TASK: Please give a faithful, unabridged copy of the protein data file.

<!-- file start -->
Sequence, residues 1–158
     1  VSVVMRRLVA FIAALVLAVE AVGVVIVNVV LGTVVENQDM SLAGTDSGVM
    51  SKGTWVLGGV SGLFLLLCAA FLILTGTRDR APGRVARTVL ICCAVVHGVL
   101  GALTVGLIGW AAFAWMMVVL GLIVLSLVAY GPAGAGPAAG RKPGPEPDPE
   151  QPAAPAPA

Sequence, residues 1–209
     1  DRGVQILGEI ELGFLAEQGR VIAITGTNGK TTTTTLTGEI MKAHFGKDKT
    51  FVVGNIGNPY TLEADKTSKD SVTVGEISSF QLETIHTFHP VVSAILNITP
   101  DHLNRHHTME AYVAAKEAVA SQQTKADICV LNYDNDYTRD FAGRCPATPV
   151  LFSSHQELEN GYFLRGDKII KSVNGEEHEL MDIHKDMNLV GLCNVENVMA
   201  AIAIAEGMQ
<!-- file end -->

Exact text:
Sequence, residues 1–158
     1  VSVVMRRLVA FIAALVLAVE AVGVVIVNVV LGTVVENQDM SLAGTDSGVM
    51  SKGTWVLGGV SGLFLLLCAA FLILTGTRDR APGRVARTVL ICCAVVHGVL
   101  GALTVGLIGW AAFAWMMVVL GLIVLSLVAY GPAGAGPAAG RKPGPEPDPE
   151  QPAAPAPA

Sequence, residues 1–209
     1  DRGVQILGEI ELGFLAEQGR VIAITGTNGK TTTTTLTGEI MKAHFGKDKT
    51  FVVGNIGNPY TLEADKTSKD SVTVGEISSF QLETIHTFHP VVSAILNITP
   101  DHLNRHHTME AYVAAKEAVA SQQTKADICV LNYDNDYTRD FAGRCPATPV
   151  LFSSHQELEN GYFLRGDKII KSVNGEEHEL MDIHKDMNLV GLCNVENVMA
   201  AIAIAEGMQ